Statement by the Evangelical Lutheran Church in Canada
5th Biannual Convention of the ELCIC, July 12 - 16, 1995.
That the Evangelical Lutheran Church in Canada adopt the following statement to the Jewish Communities in Canada:
To the Jewish Community in Canada
A Statement by the Evangelical Lutheran Church in Canada
The treatment which Christian believers have accorded Jews on many occasions over the centuries is a tragedy and a cause for shame. Very few Christian communities have escaped the contagion of anti-Judaism and its modern successor, anti-Semitism. Lutherans belonging to the Evangelical Lutheran Church in Canada carry a special burden in this matter because of the anti-Semitic statements made by Martin Luther and because of the suffering inflicted on Jews during the Holocaust in countries and places where the Lutheran Church is strongly represented.
The Lutheran communion of faith is linked by name and heritage to the memory of Martin Luther, teacher and reformer. Honoring his name in our own, we recall his bold stand for truth, his earthy and sublime words of wisdom, and above all his witness to God"s saving Word. Luther proclaimed a gospel for people as they really are, as we ourselves are, bidding us to trust a grace sufficient to reach our deepest shame and address the most tragic truths of our time.
In that spirit of truth-telling, we who bear his name and heritage must acknowledge with pain the anti-Judaic diatribes contained in Luther"s later writings. We reject this violent invective as did many of his companions in the sixteenth century, and we are moved to deep and abiding sorrow at its tragic effects on later generations of Jews. In concert with other Lutherans represented in the Lutheran World Federation, we particularly deplore the appropriation of Luther"s words by anti-Semites as part of their teaching of hatred toward the Jews and Judaism in our own day.
Grieving the complicity of our own tradition within this history of hatred, we affirm our fervent wish to live our faith in Jesus Christ in love and full respect for the Jewish people. Anti-Semitism is an affront to the Gospel, a contradiction of its central teaching, and a violation of our hope and calling. We pledge this church to oppose the deadly working of such bigotry in our own circles and in the society around us. Finally, we pray that greater understanding and cooperation may continually grow between Lutheran Christians and the Jewish Community in Canada.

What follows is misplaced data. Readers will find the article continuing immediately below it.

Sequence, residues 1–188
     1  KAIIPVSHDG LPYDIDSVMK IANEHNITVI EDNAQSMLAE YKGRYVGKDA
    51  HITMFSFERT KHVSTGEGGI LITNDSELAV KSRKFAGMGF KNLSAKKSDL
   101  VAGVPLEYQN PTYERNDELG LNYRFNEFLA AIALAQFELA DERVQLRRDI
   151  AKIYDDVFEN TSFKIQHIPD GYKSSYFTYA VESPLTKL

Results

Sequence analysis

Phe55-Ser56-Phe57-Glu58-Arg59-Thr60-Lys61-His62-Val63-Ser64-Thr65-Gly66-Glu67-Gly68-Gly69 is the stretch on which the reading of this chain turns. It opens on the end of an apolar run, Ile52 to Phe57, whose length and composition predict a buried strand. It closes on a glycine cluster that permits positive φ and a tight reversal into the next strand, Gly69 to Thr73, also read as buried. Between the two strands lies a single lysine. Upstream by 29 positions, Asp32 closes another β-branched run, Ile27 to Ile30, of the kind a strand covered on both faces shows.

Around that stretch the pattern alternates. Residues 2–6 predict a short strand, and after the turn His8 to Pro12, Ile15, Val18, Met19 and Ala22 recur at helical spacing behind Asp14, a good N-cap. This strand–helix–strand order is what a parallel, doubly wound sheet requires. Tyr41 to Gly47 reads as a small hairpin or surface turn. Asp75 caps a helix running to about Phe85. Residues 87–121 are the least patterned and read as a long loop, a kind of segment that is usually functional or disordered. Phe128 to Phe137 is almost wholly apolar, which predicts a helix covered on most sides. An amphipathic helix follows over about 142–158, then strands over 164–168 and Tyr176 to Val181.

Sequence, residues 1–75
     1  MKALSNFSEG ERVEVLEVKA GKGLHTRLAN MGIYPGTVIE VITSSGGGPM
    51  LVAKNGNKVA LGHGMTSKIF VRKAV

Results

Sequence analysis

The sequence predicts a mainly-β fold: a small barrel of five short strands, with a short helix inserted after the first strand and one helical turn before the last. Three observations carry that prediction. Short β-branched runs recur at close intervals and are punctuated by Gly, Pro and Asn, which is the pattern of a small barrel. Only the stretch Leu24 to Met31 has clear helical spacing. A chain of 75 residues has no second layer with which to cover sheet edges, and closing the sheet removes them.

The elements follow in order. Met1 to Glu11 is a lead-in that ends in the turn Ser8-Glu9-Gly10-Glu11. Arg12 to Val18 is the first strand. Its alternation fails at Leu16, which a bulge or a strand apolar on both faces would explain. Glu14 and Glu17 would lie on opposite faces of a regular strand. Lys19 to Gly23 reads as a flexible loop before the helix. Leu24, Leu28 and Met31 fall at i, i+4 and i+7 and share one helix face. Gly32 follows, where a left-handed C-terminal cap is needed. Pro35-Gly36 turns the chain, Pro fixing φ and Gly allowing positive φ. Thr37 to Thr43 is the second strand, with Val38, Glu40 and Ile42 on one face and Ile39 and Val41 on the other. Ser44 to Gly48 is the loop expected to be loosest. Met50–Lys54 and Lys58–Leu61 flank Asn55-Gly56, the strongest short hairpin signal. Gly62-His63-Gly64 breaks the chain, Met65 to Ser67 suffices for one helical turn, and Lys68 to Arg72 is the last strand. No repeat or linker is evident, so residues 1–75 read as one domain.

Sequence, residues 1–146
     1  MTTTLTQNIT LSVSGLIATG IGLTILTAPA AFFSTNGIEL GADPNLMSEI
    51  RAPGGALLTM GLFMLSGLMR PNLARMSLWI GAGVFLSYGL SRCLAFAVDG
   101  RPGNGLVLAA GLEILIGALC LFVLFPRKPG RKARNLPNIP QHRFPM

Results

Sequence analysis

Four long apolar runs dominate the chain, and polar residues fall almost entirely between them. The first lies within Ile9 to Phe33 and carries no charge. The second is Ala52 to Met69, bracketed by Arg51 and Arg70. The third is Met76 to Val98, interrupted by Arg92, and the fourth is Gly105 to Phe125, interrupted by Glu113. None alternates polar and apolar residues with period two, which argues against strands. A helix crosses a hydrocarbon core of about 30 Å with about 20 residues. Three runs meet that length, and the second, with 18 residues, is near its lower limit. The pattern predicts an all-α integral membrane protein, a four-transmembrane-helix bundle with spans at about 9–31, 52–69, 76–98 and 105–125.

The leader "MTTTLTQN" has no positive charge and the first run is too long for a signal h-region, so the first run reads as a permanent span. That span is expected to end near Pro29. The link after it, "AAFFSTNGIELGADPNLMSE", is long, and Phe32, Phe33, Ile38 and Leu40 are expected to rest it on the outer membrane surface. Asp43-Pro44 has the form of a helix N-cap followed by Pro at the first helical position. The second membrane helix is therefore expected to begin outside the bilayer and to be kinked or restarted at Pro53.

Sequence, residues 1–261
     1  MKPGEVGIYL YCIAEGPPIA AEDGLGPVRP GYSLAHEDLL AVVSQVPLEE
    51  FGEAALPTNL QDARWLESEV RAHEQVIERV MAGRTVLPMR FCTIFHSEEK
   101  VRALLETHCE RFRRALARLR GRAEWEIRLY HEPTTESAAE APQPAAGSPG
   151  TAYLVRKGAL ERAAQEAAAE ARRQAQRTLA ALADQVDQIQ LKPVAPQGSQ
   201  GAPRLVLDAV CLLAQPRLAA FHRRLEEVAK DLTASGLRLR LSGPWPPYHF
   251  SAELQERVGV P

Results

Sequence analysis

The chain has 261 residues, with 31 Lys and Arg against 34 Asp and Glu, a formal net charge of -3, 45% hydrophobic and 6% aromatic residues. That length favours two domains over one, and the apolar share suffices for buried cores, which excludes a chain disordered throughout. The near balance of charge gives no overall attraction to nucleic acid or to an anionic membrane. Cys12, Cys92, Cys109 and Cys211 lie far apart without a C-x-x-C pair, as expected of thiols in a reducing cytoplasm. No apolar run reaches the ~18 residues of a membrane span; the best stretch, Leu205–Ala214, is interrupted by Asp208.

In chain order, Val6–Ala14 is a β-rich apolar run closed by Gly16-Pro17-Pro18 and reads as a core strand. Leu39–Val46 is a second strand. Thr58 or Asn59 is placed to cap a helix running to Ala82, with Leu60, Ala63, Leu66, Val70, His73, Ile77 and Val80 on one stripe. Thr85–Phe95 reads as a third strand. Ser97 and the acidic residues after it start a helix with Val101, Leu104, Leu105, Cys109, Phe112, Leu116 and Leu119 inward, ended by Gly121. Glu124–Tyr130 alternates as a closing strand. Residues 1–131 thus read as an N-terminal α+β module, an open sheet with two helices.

This year marks the fiftieth anniversary of the liberation of Auschwitz-Birkenau and other Nazi death camps. This year also marks the fiftieth anniversary of the execution of Dietrich Bonhoeffer who courageously opposed the Nazi regime. In adopting this statement we honour the memory of those people who have been victims of a racist regime.
Events in Canada today remind us that the sentiments that gave rise to the Holocaust are present in our own society. Groups such as the Aryan Nations which calls itself the Church of Jesus Christ - Christian as well as individuals who have invoked Luther"s anti-semitic writings in their own defense, are a cold and chilling reminder of the bigotry that confronts us even today. The rise in racist and anti-semitic incidents in recent years troubles members of our community deeply.
In 1984, the Assembly of the Lutheran World Federation commended to its member churches the following statement:
We Lutherans take our name and much of our understanding of Christianity from Martin Luther. But we cannot accept or condone the violent verbal attacks that the reformer made against the Jews. Lutherans and Jews interpret the Hebrew Bible differently. But we believe that a Christological reading of the Scriptures does not lead to anti-Judaism, let alone anti-Semitism.
We hold that an honest, historical treatment of Luther"s attacks on the Jews takes away from modern anti-Semites the assumption that they may legitimately call on the authority of Luther"s name to bless their anti-Semitism. We insist that Luther does not support racial anti-Semitism, nationalistic anti-Semitism, or political anti-Semitism. Even the deplorable religious anti-Semitism of the 16th century, to which Luther"s attacks made an important contribution, is a horrible anachronism when translated to the conditions of the modern world. We recognize with deep regret however, that Luther has been used to justify such anti-Semitism in the period of national socialism and that his writings lent themselves to such abuse.
Although there remain conflicting assumptions, built into the beliefs of Judaism and Christianity, they need not and should not lead to the animosity and the violence of Luther"s treatment of the Jews. Martin Luther opened up our eyes to a deeper understanding of the Old Testament and showed us the depth of our common inheritance and the roots of our faith. Many of the anti-Jewish utterances of Luther have to be explained in the light of his polemic against what he regarded as misinterpretations of the Scriptures. He attacked these interpretations, since for him everything now depended on a right understanding of the Word of God.
The sins of Luther"s anti-Jewish remarks, the violence of his attacks on the Jews, must be acknowledged with deep distress. And all occasions for similar sin in the present or the future must be removed from our churches.
The Evangelical Lutheran Church in Canada is a member church of the Lutheran World Federation.
As members of this world wide family of faith, The ELCIC wants to state publicly and unequivocally its rejection of theological justification or support for anti-semitism in all its abhorrent forms.
See also A rabbi's response